I have found the question in several places on the Google and in StackExchange, but I can't find an answer. So it either can't be done or I am asking the wrong question.

Of course, I am using the wrong program, but Autocad 3 is the last time I used Autocad. And I do know Photoshop.

I am trying to design the shape of a 2D part to be printed on a 3D printer. I do not want to learn yet another program to do 3D drafting, so I farm out all of my 3D printing.

Here's my problem. I am using the guides to draw my part outside dimensions (it's rectangular). But when I zoom into the part, the ruler changes. Remarkably frustrating when I am trying to indicate a hole to be drilled and the top of the board is no longer at 0 (vertical ruler).

So, can I do this in Photoshop?

Example images: Image 1

Image2, zoomed in

Image3, zoomed in more

  • 3
    I don't see any rulers changing here.. They stay in place and merely zoom with the image zoom. Place a guide at 1" and it stays at 1" even when you zoom. So... I have no clue what you are asking about. – Scott Sep 19 '19 at 5:54
  • It's very easy to move a shape if it's on the current layer. It's also easy to move the ruler origin, but it can be restored by double clicking the top left corner of the rulers. We have no idea what's going on if we assume you already know these elementaries. A screenshot with explanations would be useful. – user287001 Sep 19 '19 at 8:26
  • I did not know that I could move the origins. Thanks. But I would like to lock them so that I don't have to do this with every zoom. – user3573562 Sep 20 '19 at 6:35
  • 1
    Actually, I think it's a matter of poor placement to begin with. Zoom in and place the guide at 11.5mm.. it will stay there. If you are zoomed out the precision of guide placement based upon rulers isn't that great. Another option would be to use the View > New Guide menu item so you could place a guide by the numbers. You are simply never going to get CAD-like accuracy in a pixel editing application such as Photoshop. – Scott Sep 20 '19 at 9:16
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    you're trying to draw... a vector shape... for 3D printing... on a photo editor? You'd be way better off using at least Illustrator. – Luciano Sep 20 '19 at 11:24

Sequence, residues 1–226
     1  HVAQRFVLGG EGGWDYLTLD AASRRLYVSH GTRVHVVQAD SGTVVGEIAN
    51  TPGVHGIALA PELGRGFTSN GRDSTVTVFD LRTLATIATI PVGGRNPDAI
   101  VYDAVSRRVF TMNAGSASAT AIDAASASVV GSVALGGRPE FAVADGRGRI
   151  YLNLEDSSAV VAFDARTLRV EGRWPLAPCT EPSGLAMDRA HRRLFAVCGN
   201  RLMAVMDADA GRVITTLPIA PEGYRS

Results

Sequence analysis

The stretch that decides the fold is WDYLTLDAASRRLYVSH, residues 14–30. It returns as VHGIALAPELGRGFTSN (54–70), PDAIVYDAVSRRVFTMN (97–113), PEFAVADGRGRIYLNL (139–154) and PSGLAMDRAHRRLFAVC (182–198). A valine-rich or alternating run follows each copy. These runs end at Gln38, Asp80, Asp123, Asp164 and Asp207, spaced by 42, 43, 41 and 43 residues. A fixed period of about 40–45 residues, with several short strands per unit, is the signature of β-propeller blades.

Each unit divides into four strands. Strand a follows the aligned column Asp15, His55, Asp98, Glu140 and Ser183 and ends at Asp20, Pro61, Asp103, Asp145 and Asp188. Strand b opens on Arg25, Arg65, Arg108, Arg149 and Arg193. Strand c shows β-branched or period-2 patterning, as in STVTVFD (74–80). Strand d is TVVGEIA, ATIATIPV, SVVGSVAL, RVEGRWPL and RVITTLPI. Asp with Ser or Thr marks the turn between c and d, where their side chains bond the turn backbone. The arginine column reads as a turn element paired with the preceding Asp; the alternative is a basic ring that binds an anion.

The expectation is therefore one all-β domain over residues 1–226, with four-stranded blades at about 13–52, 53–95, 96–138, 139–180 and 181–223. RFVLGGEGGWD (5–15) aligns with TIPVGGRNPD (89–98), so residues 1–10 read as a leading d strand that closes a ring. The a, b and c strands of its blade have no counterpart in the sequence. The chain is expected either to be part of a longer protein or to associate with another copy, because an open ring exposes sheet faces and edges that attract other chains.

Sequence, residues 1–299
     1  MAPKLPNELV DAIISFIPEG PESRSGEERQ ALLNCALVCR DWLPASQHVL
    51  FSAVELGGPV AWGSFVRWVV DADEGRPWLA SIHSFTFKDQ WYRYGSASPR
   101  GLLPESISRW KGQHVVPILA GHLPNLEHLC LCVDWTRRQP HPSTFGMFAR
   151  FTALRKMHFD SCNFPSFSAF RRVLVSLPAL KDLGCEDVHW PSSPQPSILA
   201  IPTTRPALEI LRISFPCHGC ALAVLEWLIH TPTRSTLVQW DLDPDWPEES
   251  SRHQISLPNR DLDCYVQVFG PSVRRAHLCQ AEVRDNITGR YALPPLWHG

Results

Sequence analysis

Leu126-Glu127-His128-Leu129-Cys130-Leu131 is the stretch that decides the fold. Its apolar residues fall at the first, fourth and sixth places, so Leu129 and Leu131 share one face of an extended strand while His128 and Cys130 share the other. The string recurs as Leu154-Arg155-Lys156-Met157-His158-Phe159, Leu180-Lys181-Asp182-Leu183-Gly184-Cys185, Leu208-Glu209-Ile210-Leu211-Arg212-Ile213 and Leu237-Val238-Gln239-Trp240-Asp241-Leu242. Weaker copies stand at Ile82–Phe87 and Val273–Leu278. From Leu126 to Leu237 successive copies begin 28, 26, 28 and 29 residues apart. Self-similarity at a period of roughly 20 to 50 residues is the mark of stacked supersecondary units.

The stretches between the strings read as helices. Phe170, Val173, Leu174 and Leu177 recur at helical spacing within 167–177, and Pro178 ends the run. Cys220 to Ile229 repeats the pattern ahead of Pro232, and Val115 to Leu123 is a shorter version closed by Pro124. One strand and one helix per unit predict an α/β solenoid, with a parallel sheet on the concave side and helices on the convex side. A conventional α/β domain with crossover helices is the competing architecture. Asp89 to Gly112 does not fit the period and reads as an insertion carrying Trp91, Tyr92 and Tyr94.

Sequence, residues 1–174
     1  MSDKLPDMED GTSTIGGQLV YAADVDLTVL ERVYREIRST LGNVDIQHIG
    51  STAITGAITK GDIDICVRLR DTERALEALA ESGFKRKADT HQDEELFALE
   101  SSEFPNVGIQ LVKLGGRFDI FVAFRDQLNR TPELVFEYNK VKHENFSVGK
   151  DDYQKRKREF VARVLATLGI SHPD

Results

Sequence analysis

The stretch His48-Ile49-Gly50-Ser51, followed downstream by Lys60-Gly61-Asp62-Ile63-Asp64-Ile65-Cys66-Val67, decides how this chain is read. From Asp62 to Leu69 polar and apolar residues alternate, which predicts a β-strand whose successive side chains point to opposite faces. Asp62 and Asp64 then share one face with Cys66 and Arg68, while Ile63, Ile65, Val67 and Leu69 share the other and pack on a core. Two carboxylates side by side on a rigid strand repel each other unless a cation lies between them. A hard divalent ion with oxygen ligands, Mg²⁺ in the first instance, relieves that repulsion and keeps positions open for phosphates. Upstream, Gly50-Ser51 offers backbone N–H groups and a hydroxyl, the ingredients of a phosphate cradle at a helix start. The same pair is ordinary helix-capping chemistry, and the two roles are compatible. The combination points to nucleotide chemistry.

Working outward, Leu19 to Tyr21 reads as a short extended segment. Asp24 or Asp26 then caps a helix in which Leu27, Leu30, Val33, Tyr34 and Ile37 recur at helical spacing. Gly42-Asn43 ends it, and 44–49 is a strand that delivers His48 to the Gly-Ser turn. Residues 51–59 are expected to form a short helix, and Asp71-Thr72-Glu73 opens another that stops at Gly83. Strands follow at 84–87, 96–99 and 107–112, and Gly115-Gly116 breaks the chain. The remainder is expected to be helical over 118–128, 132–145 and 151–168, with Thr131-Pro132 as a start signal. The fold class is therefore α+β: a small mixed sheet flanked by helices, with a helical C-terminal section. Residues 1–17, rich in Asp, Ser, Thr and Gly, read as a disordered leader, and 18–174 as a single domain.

Warning: two frame challenges in one answer!

1) The guides are not moving at all - the visual precision is super-low when you are zoomed out: either zoom way in to place them precisely or use the View>New Guide menu approach so that you create them in exact places using numeric entry.

2) Photoshop is so deeply the wrong tool for your task that it's counter-productive to use it - I recognize that of course AutoCAD is expensive if you're not using it routinely - however there are so many CADD tools out there these days which are both excellent and either free or super-low cost that this entire exercise is moot. Look into: OnShape (3D and 2D draughting free) DraftSight (low-cost 2D draughting), FreeCAD (name says it all), DesignSpark Mechanical (low-cost and free CAD) and so on.

Heck even Adobe Illustrator or Affinity Designer as vector art program come closer to what would work well for what you're doing - at least then you could output .svg which most 3D CADD tools can read in, or .dxf which is a middling-decent CADD interchange format.

You also could learn (if you've time and energy) how to 3D model your part yourself - skipping the need for an outside 3D designer - using OnShape or Blender or modo and you'd get more final quality control and less cost / time overhead - but that may well be so far beyond the scope of a reasonable answer that I end up striking this section depending upon how much flak I take - but I felt like it had to be said!

Hope all this helps some.

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  • 1
    Thanks all. (Why is saying thanks so frowned on by StackExchange?) @Gerard gets the green check mark for pointing me to better tools for a hobby user. I am certain that Photoshop is the wrong tool, but I've been using Photoshop CS6 for years to work with image cleanup, resizing, etc. I was hoping to use the tool I know. The drawing was good enough for the 3D printer guy who is making my part. – user3573562 Sep 21 '19 at 4:49

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